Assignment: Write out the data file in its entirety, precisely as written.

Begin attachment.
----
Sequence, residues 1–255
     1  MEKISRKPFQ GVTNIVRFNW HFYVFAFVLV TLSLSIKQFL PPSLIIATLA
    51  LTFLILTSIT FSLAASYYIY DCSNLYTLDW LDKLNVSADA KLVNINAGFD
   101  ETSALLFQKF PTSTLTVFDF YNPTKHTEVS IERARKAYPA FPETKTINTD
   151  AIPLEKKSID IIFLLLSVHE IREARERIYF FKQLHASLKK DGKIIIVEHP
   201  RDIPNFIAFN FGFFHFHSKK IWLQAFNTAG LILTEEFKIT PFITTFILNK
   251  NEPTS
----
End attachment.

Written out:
Sequence, residues 1–255
     1  MEKISRKPFQ GVTNIVRFNW HFYVFAFVLV TLSLSIKQFL PPSLIIATLA
    51  LTFLILTSIT FSLAASYYIY DCSNLYTLDW LDKLNVSADA KLVNINAGFD
   101  ETSALLFQKF PTSTLTVFDF YNPTKHTEVS IERARKAYPA FPETKTINTD
   151  AIPLEKKSID IIFLLLSVHE IREARERIYF FKQLHASLKK DGKIIIVEHP
   201  RDIPNFIAFN FGFFHFHSKK IWLQAFNTAG LILTEEFKIT PFITTFILNK
   251  NEPTS